Ritual adoption

As some of you know, the BCC research group is working on a new history of ritual adoption in Mormonism, what is often called the Law of Adoption. I’ll save the details for actual publication, but we’re interested in ensuring that the paper both actually engages the ideaworlds and lives of the original participants and is of some use to modern readers. To that end, I’m interested in understanding what people would like to learn about the Law of Adoption.

So, what do you want to know about the Law of Adoption? Are there areas that are particularly interesting or vexing for you?

Comments

  1. Kevin Barney says:

    I’d be curious about the extent to which adoption practices might have been a part of the original web of ideas that gave rise to polyandry–attempts to seal people together in larger and larger family units.

  2. Thanks, Kevin, we have a section on those intersections, with “patriarchal” priesthood as the infrastructure.

  3. Mark Brown says:

    Sam, I want to learn about the timing of events — I know about WW’s letter instructing us to only seal ourselves to our blood kin, but I’d like to have some detail about when and how the practice began and how and why it changed during the administrations of BY and JT. I would also like to know about the context of these changes. What prompted them, what else was going on at the time, how was our understanding changed, etc.

  4. StillConfused says:

    As someone who was only exposed to these concepts on this particular forum, I would appreciate some basic background as part of the discussion.

  5. Well, you might want to talk about it as a practice rather than a Law. Don’t reify the thing.

  6. Going from old memories here, so forgive mistakes in the details. My recollection is that there was a conference in which W Woodruff and GQ Cannon told people to stop sealing everyone to Joseph Smith and other church leaders and instead seal people to their own parents. But, in those statements, they said to trace the lines back as far as they can get them and then when you can’t go back any further to seal the last person to Joseph Smith. I’d be interested in knowing if that practice was ever followed or when it was discontinued. Obviously we don’t follow that practice today.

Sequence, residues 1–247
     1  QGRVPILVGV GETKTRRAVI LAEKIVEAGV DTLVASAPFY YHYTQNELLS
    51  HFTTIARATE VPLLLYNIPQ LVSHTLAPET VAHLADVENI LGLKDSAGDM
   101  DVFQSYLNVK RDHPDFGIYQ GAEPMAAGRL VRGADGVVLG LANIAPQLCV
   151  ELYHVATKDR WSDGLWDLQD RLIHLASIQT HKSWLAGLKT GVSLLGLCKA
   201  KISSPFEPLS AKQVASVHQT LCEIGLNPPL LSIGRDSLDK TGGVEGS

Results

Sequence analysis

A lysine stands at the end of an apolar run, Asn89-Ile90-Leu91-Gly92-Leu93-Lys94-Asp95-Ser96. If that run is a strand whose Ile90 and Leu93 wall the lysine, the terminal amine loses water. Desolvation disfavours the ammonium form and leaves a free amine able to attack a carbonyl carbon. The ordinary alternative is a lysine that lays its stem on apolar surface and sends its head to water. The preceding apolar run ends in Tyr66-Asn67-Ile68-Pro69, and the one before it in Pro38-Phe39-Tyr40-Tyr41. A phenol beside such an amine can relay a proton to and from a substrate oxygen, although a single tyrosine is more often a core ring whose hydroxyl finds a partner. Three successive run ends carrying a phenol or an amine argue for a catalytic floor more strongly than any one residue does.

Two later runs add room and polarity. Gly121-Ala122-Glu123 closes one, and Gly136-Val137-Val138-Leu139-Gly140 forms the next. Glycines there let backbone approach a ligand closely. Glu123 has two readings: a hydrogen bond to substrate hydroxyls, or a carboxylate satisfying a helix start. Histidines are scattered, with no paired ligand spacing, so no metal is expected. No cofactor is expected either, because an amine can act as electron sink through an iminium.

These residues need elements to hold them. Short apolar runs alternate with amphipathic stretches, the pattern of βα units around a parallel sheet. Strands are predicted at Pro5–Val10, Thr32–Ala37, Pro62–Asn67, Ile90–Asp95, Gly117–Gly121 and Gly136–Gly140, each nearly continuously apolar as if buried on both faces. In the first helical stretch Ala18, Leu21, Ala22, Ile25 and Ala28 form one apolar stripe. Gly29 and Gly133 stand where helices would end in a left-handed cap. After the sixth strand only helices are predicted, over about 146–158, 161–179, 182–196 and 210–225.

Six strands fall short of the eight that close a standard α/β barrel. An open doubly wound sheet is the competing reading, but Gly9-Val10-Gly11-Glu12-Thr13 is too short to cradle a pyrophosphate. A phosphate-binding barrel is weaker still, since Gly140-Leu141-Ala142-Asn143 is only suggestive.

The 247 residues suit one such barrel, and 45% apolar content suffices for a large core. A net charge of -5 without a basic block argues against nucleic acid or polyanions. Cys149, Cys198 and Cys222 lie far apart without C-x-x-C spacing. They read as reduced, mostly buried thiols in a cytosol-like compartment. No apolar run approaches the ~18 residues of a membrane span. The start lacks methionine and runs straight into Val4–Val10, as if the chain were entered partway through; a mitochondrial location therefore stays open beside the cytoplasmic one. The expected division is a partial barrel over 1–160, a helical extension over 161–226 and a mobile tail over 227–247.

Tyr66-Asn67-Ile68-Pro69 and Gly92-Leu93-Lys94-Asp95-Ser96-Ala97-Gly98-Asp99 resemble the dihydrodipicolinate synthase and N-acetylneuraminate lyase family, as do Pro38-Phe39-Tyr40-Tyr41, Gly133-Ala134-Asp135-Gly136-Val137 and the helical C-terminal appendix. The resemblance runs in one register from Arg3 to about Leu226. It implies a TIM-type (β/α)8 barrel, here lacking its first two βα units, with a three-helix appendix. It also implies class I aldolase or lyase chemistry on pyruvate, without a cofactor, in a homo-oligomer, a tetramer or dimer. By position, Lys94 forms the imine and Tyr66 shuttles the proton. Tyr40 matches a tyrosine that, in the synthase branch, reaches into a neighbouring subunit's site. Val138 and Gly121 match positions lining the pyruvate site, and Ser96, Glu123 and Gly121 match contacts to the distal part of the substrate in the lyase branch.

7. My wife’s ancestors were all sealed to GQ Cannon back in the day. Then the Law of Adoption quietly went away. I would like to know what the Church thinks of these sealings in our day. My guess is that the official answer is “We’ll let the Lord sort it all out.”

  8. I’m curious about to what extent the whole issue of polygamy came from the concept of adoption and vice versa, similar to Kevin and Jacob above. (But not the same) I am also curious as to what impact a proper understanding of adoption plays into the modern concept of celestial marriage. When did these changes take place, are they doctrinal changes or cultural?

  9. I’m interested in knowing why you (some of you?) consider adoption a distinct law, separate from familiar familial sealings as practiced today. To me it is nothing more than an early, imperfect understanding of sealings where members who didn’t trust that their own ancestors would accept the gospel sealed themselves to church leaders to guarantee themselves a place in the eternal chain. You’ll have to do some fancy dancing to persuade me that it was anything more than that.

  10. I am curious to how much resistance there was against adoption. For example, this is from Wilford Woodruff’s journal in 1857: